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Bringing the painting to life

Stimulus #1: 
A Day’s Picnic at Clark Island, 1870, Eugene Montagu Scott, oil painting

Student activities

Task no. 1

Annotating activity

Look carefully at the painting and make a list of all the activities you see in the painting.

You can either annotate a printed copy of the image with captions (by gluing an A4 print out of the painting into the middle of an A3 sheet of paper and drawing lines from your captions to the appropriate scenes) or digitally annotate the painting on a smart board or device. 

A day's picnic on Clark Island, Sydney Harbour, 1870
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Task no. 2

What are they thinking and saying?

Further your annotation of the painting by including speech and thought bubbles that contain your imaginings of what individuals in the painting may be thinking or saying.

Task no. 3

Create your script

This painting resembles a tableau or a frozen moment from a dramatic presentation or play. It also resembles a still frame from a film.

A good play features action and conflict, and there are plenty of moments of action and conflict in this painting. For example: A mother disapproves of her daughters flirting with a young man, whilst the father, perhaps wanting to marry them off, hides behind his newspaper and ignores their behaviour.


In small groups, write the script for a short dramatic scene (1-2 minutes in length) that depicts an aspect of the picnic on Clark Island. Your scene should be based on a group of individuals from the painting, who will be the characters in your script. You should ensure that each person in your group plays the part of a character from the painting.

Include stage directions, character names, and dialogue in your script (see notes on formatting a stage script, below).

You may wish to include an internal monologue in your script. An internal monologue, spoken out loud, captures the inner thoughts of a character in the form of a stream of consciousness. For example, an internal monologue might be written from the point of view of the woman exploring the rock pools with her umbrella, the servant removing oysters from the rocks or the mother noticing her two daughters are flirting with the gentleman raising his hat.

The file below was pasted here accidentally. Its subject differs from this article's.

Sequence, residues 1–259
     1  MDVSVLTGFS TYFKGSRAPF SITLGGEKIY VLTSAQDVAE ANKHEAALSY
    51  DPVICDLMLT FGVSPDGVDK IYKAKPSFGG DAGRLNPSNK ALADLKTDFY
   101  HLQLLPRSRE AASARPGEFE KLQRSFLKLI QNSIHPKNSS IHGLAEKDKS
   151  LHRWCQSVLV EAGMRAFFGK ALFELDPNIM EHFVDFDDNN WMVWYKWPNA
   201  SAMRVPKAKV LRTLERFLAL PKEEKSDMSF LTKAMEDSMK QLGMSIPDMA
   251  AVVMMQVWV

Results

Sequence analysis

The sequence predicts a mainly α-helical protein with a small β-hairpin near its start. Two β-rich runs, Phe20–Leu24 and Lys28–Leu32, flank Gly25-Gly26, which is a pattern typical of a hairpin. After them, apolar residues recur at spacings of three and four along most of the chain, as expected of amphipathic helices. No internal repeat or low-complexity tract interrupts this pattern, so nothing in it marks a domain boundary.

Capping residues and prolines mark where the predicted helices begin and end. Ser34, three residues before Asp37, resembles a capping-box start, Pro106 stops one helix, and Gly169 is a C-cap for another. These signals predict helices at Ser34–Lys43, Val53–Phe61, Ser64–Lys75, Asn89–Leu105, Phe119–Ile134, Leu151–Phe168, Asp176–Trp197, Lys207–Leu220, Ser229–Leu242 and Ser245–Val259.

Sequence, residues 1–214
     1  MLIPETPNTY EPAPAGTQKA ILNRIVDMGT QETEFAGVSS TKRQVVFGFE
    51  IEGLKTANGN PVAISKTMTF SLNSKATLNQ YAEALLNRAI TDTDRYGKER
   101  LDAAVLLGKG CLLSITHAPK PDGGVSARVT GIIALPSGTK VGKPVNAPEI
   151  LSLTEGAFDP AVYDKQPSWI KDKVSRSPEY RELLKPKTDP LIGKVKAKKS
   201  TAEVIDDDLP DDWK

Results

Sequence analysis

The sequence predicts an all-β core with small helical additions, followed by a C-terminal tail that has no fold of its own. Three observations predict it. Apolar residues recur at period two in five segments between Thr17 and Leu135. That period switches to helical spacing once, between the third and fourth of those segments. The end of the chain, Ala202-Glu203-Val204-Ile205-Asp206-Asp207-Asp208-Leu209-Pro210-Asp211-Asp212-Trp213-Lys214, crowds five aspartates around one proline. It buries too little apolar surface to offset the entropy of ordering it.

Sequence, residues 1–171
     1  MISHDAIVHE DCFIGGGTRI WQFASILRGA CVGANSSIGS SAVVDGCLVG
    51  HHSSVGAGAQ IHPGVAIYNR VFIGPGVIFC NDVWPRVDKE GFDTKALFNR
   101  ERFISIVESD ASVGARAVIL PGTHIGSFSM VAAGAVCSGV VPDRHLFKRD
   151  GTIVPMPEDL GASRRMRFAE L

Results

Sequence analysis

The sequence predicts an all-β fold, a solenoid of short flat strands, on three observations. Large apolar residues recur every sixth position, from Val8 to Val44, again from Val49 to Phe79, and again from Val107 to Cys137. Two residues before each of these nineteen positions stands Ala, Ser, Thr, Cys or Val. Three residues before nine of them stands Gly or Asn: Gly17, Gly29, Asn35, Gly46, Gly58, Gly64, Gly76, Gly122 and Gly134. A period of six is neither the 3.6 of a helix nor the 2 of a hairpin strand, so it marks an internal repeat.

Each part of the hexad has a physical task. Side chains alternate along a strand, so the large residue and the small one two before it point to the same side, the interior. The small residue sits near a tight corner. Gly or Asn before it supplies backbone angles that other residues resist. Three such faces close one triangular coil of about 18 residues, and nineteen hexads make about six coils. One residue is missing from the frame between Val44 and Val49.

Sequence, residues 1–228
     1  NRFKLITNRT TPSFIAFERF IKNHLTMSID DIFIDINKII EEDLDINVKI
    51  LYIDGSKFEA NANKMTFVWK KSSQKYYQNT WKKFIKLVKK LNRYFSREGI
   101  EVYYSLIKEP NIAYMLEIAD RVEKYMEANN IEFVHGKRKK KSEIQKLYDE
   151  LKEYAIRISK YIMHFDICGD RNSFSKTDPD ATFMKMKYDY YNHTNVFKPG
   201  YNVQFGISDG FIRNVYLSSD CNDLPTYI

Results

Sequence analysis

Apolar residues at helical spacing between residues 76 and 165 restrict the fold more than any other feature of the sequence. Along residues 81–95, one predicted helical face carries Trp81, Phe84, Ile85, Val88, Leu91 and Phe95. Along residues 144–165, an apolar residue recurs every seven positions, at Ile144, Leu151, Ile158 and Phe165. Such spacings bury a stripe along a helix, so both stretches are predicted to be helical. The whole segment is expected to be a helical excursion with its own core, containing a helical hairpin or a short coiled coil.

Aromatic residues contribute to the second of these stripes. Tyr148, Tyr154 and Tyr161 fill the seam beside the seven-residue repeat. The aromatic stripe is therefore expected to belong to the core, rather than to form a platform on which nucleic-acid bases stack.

Be prepared to perform your scene for the class.

Formatting a stage script

There are many approaches to formatting a stage or drama script.

Here are a few simple rules to follow:

  • Stage directions are written in italics (He lifts his hat to the two girls and smiles) (smiling)
  • Character names are written in capitals followed by a colon (CAROLINE:)
  • Dialogue is written in lower case (Good morning, young lady.)
  • Make a second line tab so that each line of dialogue starts at the same point on the page
  • Dialogue is single spaced within a character’s speech and double spaced between each character’s speech
  • Leave a wide margin
  • Include page numbers

One of the best ways to understand how to format a drama script is to explore examples of published play scripts.

Task no. 4

Putting it together

Present different scenes from each group one after the other to create a dramatic portrait of the picnic day on Clark Island. You might like to begin each of the short scenes with a frozen moment or tableau.

A tableau is a kind of acting snap shot. It creates a scene with body language, facial expressions and perhaps a few well-placed props. The actors begin the scene by freezing or holding the same pose as the characters they play from the painting.

You might also end each scene with a frozen moment to indicate it has concluded.

Option - Building on the tableau

In the performance of the tableau you may wish to invite audience participation.

Ask each performer or group of performers to present their tableau, once it has been presented invite a member of the audience to tap one of the frozen performers on the shoulder. This is the performer’s cue to explain what they are saying, doing or thinking at that moment. The audience member might also tap a prop or costume element and ask for its role or significance to be explained.

This activity can work well if students are asked to represent a key scene or event from a film, poem, narrative, play or digital text they are studying.